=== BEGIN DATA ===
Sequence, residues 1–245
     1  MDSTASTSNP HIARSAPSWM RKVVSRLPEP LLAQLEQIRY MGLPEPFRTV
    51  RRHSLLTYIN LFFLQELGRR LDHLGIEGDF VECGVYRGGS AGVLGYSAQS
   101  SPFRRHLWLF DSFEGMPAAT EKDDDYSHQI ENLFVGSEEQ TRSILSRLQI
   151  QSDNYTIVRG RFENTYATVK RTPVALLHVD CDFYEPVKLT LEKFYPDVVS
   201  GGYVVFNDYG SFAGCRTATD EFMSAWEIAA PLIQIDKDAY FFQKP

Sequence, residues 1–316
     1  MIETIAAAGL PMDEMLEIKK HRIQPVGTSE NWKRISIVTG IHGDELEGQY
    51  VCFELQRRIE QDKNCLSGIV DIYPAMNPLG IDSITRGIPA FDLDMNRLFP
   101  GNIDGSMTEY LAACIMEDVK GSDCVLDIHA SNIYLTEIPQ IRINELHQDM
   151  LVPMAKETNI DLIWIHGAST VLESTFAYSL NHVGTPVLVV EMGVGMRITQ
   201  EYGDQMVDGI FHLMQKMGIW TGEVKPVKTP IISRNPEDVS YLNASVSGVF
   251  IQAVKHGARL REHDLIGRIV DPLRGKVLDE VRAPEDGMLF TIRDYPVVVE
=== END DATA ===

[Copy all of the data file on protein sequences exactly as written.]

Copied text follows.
Sequence, residues 1–245
     1  MDSTASTSNP HIARSAPSWM RKVVSRLPEP LLAQLEQIRY MGLPEPFRTV
    51  RRHSLLTYIN LFFLQELGRR LDHLGIEGDF VECGVYRGGS AGVLGYSAQS
   101  SPFRRHLWLF DSFEGMPAAT EKDDDYSHQI ENLFVGSEEQ TRSILSRLQI
   151  QSDNYTIVRG RFENTYATVK RTPVALLHVD CDFYEPVKLT LEKFYPDVVS
   201  GGYVVFNDYG SFAGCRTATD EFMSAWEIAA PLIQIDKDAY FFQKP

Sequence, residues 1–316
     1  MIETIAAAGL PMDEMLEIKK HRIQPVGTSE NWKRISIVTG IHGDELEGQY
    51  VCFELQRRIE QDKNCLSGIV DIYPAMNPLG IDSITRGIPA FDLDMNRLFP
   101  GNIDGSMTEY LAACIMEDVK GSDCVLDIHA SNIYLTEIPQ IRINELHQDM
   151  LVPMAKETNI DLIWIHGAST VLESTFAYSL NHVGTPVLVV EMGVGMRITQ
   201  EYGDQMVDGI FHLMQKMGIW TGEVKPVKTP IISRNPEDVS YLNASVSGVF
   251  IQAVKHGARL REHDLIGRIV DPLRGKVLDE VRAPEDGMLF TIRDYPVVVE